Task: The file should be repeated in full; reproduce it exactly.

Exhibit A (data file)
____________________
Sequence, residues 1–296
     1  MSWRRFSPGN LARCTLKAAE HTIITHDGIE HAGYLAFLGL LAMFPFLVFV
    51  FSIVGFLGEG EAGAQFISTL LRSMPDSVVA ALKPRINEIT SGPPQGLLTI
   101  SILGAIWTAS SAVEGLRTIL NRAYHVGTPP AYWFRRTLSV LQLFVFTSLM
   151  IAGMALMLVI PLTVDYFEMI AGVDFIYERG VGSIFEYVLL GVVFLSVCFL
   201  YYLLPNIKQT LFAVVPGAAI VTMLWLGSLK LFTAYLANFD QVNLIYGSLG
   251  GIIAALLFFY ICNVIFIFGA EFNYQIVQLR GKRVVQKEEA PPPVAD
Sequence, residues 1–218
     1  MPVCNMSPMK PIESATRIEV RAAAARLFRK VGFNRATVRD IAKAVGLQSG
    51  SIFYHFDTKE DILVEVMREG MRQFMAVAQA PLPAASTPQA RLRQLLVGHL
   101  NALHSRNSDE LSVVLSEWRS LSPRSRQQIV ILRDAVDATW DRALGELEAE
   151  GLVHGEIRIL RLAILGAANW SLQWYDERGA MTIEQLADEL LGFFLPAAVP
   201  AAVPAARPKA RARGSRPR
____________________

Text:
Sequence, residues 1–296
     1  MSWRRFSPGN LARCTLKAAE HTIITHDGIE HAGYLAFLGL LAMFPFLVFV
    51  FSIVGFLGEG EAGAQFISTL LRSMPDSVVA ALKPRINEIT SGPPQGLLTI
   101  SILGAIWTAS SAVEGLRTIL NRAYHVGTPP AYWFRRTLSV LQLFVFTSLM
   151  IAGMALMLVI PLTVDYFEMI AGVDFIYERG VGSIFEYVLL GVVFLSVCFL
   201  YYLLPNIKQT LFAVVPGAAI VTMLWLGSLK LFTAYLANFD QVNLIYGSLG
   251  GIIAALLFFY ICNVIFIFGA EFNYQIVQLR GKRVVQKEEA PPPVAD
Sequence, residues 1–218
     1  MPVCNMSPMK PIESATRIEV RAAAARLFRK VGFNRATVRD IAKAVGLQSG
    51  SIFYHFDTKE DILVEVMREG MRQFMAVAQA PLPAASTPQA RLRQLLVGHL
   101  NALHSRNSDE LSVVLSEWRS LSPRSRQQIV ILRDAVDATW DRALGELEAE
   151  GLVHGEIRIL RLAILGAANW SLQWYDERGA MTIEQLADEL LGFFLPAAVP
   201  AAVPAARPKA RARGSRPR